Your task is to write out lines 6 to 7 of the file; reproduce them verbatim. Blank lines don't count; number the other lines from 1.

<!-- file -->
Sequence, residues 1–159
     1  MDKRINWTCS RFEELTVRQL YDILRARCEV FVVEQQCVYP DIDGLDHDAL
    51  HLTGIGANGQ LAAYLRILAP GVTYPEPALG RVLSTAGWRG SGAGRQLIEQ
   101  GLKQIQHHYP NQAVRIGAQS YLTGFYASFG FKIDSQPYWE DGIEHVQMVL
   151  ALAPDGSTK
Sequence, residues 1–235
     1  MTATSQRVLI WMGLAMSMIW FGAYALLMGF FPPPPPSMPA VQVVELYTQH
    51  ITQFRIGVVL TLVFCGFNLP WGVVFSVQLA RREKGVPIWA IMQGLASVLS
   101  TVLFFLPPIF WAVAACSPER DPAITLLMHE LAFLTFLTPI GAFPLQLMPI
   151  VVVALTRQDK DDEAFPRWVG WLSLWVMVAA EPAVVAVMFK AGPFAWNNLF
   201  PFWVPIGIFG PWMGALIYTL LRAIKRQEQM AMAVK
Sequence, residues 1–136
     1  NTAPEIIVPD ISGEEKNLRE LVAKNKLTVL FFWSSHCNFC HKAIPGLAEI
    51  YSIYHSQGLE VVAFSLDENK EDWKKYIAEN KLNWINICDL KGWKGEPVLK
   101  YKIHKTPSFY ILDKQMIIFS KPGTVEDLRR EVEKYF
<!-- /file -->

Sequence, residues 1–235
     1  MTATSQRVLI WMGLAMSMIW FGAYALLMGF FPPPPPSMPA VQVVELYTQH